Representation behind the scenes

All representation matters.

In front of the camera and behind the camera.

I’ve written before about how Marvel’s Jessica Jones (and Rey from Star Wars) affected me as a consumer of pop culture. I wrote about it months ago and republished it the other day right here.

Jessica Jones is a smart show to which I can relate (but, no, I’m not a superhero).

And, now, I’ve learned that the entire next season (WHEN IT FINALLY GETS HERE!) will be directed by women.

Here’s part of what I said in my last blog entry about Jessica Jones (and Rey):

We have female characters that I am excited about. We have female characters to whom I can relate. We have female characters who don’t need the men to save them. We have female characters who deal with serious issues (Jessica Jones confronts both rape and abortion) in a way that neither minimizes nor contributes further to stigma or outright dishonesty about women’s thoughts and feelings on those issues.

We have female characters who I cheer for.

And the only thing that can make those characters better is also having women behind the camera directing them.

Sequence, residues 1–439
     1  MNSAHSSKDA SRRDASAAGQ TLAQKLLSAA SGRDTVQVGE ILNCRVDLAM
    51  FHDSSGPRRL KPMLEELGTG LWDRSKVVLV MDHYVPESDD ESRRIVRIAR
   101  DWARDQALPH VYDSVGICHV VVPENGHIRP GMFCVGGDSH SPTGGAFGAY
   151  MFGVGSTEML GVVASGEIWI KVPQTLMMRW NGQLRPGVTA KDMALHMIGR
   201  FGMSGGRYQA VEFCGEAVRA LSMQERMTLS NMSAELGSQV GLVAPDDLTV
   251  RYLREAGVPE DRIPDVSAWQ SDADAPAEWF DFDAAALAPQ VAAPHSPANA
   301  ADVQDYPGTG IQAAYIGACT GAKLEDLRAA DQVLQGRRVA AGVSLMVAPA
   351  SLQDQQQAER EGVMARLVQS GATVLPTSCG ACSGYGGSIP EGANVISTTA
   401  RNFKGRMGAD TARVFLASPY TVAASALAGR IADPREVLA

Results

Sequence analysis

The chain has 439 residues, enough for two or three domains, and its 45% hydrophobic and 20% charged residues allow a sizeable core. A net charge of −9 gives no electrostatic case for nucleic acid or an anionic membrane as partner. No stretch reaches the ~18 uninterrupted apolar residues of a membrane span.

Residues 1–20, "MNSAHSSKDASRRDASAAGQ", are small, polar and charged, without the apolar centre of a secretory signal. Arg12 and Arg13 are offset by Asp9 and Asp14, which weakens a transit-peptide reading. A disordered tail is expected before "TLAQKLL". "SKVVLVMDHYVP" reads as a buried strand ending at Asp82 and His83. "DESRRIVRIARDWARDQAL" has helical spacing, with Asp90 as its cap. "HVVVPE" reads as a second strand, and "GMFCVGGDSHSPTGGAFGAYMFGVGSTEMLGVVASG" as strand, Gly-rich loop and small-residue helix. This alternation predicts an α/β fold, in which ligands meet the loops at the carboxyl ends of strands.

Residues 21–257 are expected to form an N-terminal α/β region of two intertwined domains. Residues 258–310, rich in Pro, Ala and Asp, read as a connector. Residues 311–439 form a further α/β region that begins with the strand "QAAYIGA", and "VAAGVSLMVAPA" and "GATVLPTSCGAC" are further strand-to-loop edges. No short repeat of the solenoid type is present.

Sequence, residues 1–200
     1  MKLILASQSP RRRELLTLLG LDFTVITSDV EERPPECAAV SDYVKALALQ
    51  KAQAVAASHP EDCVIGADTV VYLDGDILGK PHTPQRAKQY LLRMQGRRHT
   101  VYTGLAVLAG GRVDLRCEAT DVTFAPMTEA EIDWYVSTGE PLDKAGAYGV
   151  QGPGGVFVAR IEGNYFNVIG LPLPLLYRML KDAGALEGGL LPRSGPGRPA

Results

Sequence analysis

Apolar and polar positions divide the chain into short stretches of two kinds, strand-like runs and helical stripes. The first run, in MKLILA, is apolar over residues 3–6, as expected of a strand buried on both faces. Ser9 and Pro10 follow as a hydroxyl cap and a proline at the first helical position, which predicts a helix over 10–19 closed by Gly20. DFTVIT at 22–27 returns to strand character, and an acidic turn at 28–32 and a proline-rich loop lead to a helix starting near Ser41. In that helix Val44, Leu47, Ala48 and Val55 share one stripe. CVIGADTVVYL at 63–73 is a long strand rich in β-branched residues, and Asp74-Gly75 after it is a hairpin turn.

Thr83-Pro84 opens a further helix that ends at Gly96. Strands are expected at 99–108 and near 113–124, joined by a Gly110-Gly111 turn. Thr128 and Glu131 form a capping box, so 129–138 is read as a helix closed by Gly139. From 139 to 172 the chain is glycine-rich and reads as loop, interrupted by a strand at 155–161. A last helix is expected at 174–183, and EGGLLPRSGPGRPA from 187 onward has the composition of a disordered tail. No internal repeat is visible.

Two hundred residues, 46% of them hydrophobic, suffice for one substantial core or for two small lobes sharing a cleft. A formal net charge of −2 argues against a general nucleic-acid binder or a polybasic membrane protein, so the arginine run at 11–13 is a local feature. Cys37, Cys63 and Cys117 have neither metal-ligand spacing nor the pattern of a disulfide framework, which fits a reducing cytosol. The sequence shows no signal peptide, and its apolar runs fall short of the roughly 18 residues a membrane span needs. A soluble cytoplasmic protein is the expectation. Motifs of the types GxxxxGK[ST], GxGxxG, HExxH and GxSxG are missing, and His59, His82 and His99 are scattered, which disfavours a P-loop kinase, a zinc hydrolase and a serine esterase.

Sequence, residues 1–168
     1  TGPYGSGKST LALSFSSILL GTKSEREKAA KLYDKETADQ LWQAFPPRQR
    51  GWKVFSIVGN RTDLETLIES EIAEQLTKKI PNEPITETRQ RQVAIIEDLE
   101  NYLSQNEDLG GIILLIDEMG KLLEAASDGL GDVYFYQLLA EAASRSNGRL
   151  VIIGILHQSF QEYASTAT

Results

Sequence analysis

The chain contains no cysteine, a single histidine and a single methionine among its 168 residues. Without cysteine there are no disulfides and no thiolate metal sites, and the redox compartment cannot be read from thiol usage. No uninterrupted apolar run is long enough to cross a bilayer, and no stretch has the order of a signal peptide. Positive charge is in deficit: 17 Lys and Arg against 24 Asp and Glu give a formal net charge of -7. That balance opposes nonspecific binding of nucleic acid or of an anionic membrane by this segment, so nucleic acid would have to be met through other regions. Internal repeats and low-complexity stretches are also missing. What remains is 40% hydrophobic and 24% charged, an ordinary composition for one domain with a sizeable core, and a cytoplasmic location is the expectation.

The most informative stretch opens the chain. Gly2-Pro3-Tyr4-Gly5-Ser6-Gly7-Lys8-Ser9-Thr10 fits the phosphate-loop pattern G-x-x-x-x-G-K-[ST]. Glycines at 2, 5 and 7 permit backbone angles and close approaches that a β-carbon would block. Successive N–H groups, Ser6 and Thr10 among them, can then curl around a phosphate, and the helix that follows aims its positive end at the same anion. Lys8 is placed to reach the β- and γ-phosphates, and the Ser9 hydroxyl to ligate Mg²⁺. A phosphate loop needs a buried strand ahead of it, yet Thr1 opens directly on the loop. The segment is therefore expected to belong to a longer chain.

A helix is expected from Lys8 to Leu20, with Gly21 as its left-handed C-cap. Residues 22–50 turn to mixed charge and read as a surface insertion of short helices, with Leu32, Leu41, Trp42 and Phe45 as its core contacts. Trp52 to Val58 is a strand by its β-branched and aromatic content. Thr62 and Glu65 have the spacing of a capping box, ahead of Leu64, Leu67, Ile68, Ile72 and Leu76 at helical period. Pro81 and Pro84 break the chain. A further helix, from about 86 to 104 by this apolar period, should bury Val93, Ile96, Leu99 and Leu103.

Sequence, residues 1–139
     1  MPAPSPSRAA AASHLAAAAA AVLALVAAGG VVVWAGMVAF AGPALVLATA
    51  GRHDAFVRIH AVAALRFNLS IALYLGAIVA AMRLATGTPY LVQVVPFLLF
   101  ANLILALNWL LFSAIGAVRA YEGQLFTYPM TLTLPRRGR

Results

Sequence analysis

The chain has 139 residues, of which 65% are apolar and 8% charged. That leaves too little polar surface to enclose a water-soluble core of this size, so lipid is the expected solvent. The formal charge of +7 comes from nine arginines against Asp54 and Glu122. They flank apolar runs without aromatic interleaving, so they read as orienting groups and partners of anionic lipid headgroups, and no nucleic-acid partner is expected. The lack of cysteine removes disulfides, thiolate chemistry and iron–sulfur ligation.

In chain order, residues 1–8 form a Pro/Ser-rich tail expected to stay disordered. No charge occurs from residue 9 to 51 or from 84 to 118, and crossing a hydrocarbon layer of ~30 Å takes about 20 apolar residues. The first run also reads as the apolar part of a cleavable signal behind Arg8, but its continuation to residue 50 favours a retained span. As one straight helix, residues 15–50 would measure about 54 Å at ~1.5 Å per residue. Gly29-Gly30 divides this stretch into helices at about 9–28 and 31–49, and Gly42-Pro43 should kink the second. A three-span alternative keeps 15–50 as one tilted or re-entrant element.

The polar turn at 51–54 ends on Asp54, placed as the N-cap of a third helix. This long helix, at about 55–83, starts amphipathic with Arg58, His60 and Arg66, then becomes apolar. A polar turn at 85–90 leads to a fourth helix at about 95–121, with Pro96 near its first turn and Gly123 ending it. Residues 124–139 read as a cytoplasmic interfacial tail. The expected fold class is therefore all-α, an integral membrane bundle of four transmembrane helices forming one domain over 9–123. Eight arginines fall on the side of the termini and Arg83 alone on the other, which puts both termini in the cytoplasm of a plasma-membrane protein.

Imagine an actor working through a scene about rape/sexual assault – experiences that are primarily (I didn’t say entirely) women’s – or miscarriage/abortion – experiences that are entirely women’s – with men behind the scenes. I won’t suggest that those men won’t listen to the women acting those scenes, but I will suggest that – to get the scene right – it is far more likely that there will be words that don’t even have to be spoken to women behind the scenes.

A show that wants to delve into those things that are most frequently experienced by women and do so in an honest way is most likely to accomplish that when women are acting, writing, and directing those stories.

A show that accurately portrays women (yes, I know she’s a superhero), quite simply, will be most accurate when it is acted, written, and directed by women.

In this case, representation in front of and behind the camera can only make for an even more relatable show.

Because representation matters.